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  Business   In Other News  11 Feb 2020  5 years and tourism policy is still on way to cabinet

5 years and tourism policy is still on way to cabinet

THE ASIAN AGE. | SANGEETHA G
Published : Feb 11, 2020, 4:12 am IST
Updated : Feb 11, 2020, 4:12 am IST

The last time the tourism sector had a national level policy was in 2002, nearly two decades ago.

The government had formulated a draft National Tourism Policy in 2015-16, but is still, hold your breath, seeking cabinet approval.
 The government had formulated a draft National Tourism Policy in 2015-16, but is still, hold your breath, seeking cabinet approval.

Chennai: Tourism, one of the five Ts that were promised in the 2014 BJP election manifesto, is yet to begin baby steps to the dream trip.

A National Policy for Tourism is pending for five long years. The government had formulated a draft National Tourism Policy in 2015-16, but is still, hold your breath, seeking cabinet approval.

 

The last time the tourism sector had a national level policy was in 2002, nearly two decades ago.

Then, in 2015-16, the government—taking into account the wide-spread, inter-related global developments and advancements, which have had a strong bearing on the tourism sector—formulated a new draft National Tourism Policy.

In a 2017 communiqué, the government had mentioned that the policy was awaiting approval. However, even now the policy is being reviewed in the Ministry of Tourism prior to seeking cabinet approval on the same, as per a government statement on Monday.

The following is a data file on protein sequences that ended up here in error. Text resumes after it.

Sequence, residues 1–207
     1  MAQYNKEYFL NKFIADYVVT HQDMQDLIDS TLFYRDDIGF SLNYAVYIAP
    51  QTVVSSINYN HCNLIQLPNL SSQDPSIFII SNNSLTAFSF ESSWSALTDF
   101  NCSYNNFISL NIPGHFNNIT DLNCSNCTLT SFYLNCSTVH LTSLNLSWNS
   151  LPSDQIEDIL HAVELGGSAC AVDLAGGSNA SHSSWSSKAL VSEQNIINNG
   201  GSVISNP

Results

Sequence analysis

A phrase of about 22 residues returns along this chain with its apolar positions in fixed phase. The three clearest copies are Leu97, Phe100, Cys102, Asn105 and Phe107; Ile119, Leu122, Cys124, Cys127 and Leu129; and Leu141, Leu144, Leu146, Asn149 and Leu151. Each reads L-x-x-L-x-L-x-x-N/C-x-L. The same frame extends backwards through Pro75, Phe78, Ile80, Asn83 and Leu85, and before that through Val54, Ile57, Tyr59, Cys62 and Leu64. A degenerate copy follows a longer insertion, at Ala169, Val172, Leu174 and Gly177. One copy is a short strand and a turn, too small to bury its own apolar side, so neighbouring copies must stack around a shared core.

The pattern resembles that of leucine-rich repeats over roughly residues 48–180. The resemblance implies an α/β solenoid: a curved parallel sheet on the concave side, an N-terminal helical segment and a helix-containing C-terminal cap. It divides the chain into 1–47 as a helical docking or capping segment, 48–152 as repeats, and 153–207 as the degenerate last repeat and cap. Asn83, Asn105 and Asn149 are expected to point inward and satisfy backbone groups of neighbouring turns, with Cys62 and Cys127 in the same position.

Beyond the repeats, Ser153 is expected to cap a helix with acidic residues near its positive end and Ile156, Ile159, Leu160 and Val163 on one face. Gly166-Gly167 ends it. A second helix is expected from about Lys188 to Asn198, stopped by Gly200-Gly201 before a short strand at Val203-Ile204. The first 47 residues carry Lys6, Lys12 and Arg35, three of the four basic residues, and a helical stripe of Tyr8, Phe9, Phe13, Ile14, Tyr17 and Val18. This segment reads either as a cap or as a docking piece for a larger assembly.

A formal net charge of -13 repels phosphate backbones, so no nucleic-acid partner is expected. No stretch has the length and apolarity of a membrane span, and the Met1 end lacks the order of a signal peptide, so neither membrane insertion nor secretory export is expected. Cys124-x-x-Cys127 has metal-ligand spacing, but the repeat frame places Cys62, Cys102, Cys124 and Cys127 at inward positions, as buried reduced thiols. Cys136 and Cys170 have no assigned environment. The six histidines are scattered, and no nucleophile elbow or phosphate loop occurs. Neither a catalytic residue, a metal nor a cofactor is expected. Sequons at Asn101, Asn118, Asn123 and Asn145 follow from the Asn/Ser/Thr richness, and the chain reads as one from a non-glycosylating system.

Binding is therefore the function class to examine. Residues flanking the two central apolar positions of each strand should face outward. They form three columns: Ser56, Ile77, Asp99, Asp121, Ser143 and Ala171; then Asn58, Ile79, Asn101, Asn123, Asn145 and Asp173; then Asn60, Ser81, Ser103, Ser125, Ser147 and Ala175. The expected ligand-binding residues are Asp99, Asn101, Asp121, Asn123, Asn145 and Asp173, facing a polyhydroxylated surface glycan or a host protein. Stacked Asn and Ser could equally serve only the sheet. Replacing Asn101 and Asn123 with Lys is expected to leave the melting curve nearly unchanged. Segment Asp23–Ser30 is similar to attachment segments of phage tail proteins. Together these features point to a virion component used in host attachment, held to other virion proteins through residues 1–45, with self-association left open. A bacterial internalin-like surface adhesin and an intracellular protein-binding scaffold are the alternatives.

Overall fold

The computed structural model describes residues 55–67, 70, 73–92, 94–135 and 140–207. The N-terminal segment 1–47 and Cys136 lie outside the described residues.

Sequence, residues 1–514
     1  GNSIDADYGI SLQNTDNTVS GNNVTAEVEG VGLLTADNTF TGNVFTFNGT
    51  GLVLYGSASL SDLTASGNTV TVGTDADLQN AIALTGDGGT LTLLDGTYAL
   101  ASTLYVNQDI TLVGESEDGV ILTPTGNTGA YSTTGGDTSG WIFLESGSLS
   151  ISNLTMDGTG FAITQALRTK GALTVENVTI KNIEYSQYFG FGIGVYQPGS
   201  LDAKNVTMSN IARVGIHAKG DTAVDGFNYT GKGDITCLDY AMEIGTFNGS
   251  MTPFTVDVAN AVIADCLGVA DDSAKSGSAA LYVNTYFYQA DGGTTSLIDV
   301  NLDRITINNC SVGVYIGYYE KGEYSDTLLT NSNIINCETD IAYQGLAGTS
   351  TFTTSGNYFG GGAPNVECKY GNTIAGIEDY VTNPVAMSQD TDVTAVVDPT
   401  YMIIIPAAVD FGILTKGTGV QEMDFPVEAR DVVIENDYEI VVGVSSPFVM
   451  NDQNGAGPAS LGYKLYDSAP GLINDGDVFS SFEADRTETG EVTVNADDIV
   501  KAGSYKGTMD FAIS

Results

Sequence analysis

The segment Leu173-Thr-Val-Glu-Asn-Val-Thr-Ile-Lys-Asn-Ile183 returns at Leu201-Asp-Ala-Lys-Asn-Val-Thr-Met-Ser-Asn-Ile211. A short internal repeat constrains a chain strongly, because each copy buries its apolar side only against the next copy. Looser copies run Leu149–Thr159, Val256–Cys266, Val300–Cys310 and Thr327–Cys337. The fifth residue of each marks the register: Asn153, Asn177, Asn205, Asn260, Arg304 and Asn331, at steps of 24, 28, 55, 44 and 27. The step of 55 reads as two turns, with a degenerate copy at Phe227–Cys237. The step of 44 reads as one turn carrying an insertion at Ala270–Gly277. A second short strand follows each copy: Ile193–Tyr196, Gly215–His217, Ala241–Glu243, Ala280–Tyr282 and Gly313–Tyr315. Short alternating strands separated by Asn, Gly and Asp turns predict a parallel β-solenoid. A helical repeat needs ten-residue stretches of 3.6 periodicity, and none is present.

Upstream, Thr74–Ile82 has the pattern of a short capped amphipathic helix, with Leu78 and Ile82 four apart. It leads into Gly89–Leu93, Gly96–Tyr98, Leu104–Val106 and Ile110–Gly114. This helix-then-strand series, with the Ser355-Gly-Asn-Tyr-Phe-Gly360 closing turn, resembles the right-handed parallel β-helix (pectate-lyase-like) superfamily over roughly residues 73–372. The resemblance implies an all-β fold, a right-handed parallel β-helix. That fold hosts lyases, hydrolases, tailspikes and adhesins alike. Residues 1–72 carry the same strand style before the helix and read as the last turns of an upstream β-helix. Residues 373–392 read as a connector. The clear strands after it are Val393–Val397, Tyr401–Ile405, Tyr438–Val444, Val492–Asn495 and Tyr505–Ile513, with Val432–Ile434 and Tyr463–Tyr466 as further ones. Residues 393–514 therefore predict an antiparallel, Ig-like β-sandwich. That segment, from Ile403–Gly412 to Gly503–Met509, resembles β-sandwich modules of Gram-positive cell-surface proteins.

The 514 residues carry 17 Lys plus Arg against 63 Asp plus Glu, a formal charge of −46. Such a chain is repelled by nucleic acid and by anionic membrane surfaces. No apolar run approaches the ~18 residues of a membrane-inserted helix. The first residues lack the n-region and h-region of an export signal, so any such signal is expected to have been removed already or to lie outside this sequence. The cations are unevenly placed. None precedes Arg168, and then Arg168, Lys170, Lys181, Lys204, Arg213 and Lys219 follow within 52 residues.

“In the first budget of the previous NDA government, tourism was included as one of the ‘five Ts’ for the development of the country. There was a lot of emphasis on developing the tourism potential of the country and the government wanted a new policy to be in place. Unfortunately, we have not heard much about it later. We don’t know whether the policy failed to take off due to technical or administrative issues,” said Iqbal Mulla, chief council, Global Tourism Council.

 

The BJP manifesto had talked of reviving Brand India through five Ts—Technology, Tourism, Tradition, Trade and Talent.

There has not been any major change in the salient features of the draft National Tourism Policy in these five years. The features include, focus on employment generation, community participation in tourism development and linkages with various ministries and stakeholders.

The policy enshrines the vision of developing and positioning India as a “must experience” and “transformational” destination for global travellers, whilst encouraging Indians to explore their own country.

“We have been asking the government to permit public-private partnership in implementing tourism projects and maintenance of tourist spots. The tourism sector is a forex earner and the entire money remains within the country unlike the foreign investments in other sectors.  Policy is necessary to give a clear direction for the development of the sector,” said Mulla.

 

Tags: tourism